On Hilton Head Island, a rich cultural tapestry extends far beyond the sunlit fairways and sandy shores. The island is an integral part of the admirable Gullah Geechee Cultural Heritage Corridor, recognising the profound influence of Gullah descendants.

These individuals trace their roots to West Africans brought to the southeastern United States, and their culture is vibrantly alive, particularly in South Carolina’s low country archipelagos.

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Navigate through the labyrinths of their rich local history with Gullah Heritage Trail Tours. This immersive journey embarks from the Coastal Discovery Museum and invites you to explore the modern Gullah lifestyle. You’ll gain insight into a unique creole language and the Gullah people’s longstanding and fascinating traditions.

Blue Ridge Mountains

Central to your exploration of South Carolina must be the moment you ascend to the state’s highest point at Sassafras Mountain, which towers to 3,560 feet. These elevated terrains are part of the mesmerizing ranges that cascade through the region. The brilliant green sassafras trees peppering the lower inclines are a majestic sight.

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Your journey may lead you along South Carolina’s slice of the Cherokee Foothills National Scenic Highway. This route, also labeled Highway 11, unfolds through 100 miles of exceptional natural vistas showcasing South Carolina’s eight state parks. Among these oases is Table Rock State Park in Pickens, an atmospheric haven where Carrick Creek Falls cascade among lush forests and magnificent views. Brilliant trails help you uncover cloistered corners and raised lookouts.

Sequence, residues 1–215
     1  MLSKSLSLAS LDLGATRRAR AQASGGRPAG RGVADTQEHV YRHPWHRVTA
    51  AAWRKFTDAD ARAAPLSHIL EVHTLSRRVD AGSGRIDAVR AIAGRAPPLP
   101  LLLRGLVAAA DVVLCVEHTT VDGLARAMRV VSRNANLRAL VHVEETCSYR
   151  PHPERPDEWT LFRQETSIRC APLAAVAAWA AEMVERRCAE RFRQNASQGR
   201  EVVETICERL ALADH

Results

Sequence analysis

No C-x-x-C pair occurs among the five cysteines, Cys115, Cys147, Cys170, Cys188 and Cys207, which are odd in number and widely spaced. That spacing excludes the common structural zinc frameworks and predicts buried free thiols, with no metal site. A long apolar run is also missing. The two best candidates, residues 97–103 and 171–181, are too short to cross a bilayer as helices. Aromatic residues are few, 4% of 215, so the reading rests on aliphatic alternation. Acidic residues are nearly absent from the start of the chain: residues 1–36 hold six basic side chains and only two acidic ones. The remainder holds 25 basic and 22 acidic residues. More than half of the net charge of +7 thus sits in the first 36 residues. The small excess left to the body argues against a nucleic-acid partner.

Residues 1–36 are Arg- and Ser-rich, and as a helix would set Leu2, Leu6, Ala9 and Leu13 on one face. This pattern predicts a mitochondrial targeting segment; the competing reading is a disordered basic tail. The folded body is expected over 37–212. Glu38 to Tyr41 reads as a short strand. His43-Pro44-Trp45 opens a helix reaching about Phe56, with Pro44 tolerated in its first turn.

Congaree National Park

At Congaree National Park, your experience encompasses a diverse ecosystem that’s part of the region’s oldest broadleaf floodplain forest. Home to the endangered indigo snake and red-cockaded woodpecker, the area nurtures exceptional biodiversity. Towering loblolly pines punctuate the skyline within the park’s expansive 20,000 acres. For hiking enthusiasts, over 25 miles of diverse trails beckon, including a 2.4-mile elevated boardwalk that serenely snakes above the wetlands.

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Should you wish to take to the waters, Cedar Creek provides a serene canoeing trail, perfect for a tranquil paddle, while the more seasoned canoers can embark on the Congaree River Blue Trail, which promises a mighty 50-mile journey from Columbia to the park. Encouraging exploration, this waterway delivers you into the beating heart of nature. Great news is that the park’s splendours are free to all.

Fort Sumter National Monument

In the midst of Charleston Harbor, South Carolina, stands the pivotal Civil War battleground, Fort Sumter. It was here on April 12, 1861, that the first conflict of the Civil War erupted. Now preserved as the Fort Sumter National Monument, it serves as an educational beacon, allowing visitors to uncover the events that sparked such an extraordinary and pivotal period in American history.

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To experience this moving testament to the nation’s past, embark from either Charleston or Mount Pleasant. The site welcomes a diverse range of visitors, offering fare reductions for seniors, individuals in military service, and younger guests. Your destination address, 1214 Middle Street on Sullivan’s Island, marks the starting point for a deep dive into the Civil War, providing a powerful encounter with America’s unique history.

The Gardens at Middleton Place